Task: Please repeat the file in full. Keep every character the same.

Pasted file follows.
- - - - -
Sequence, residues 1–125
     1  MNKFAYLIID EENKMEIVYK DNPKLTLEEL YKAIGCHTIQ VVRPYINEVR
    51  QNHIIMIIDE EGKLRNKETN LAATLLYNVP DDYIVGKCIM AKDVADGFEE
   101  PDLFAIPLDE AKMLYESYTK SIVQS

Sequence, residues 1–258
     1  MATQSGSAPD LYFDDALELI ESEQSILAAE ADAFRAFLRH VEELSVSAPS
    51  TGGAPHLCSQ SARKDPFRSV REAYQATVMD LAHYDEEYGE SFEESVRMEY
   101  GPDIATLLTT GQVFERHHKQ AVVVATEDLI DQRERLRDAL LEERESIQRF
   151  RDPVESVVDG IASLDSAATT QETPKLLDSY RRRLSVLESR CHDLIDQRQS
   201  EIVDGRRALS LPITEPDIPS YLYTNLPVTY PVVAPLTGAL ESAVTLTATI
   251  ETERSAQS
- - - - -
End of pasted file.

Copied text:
Sequence, residues 1–125
     1  MNKFAYLIID EENKMEIVYK DNPKLTLEEL YKAIGCHTIQ VVRPYINEVR
    51  QNHIIMIIDE EGKLRNKETN LAATLLYNVP DDYIVGKCIM AKDVADGFEE
   101  PDLFAIPLDE AKMLYESYTK SIVQS

Sequence, residues 1–258
     1  MATQSGSAPD LYFDDALELI ESEQSILAAE ADAFRAFLRH VEELSVSAPS
    51  TGGAPHLCSQ SARKDPFRSV REAYQATVMD LAHYDEEYGE SFEESVRMEY
   101  GPDIATLLTT GQVFERHHKQ AVVVATEDLI DQRERLRDAL LEERESIQRF
   151  RDPVESVVDG IASLDSAATT QETPKLLDSY RRRLSVLESR CHDLIDQRQS
   201  EIVDGRRALS LPITEPDIPS YLYTNLPVTY PVVAPLTGAL ESAVTLTATI
   251  ETERSAQS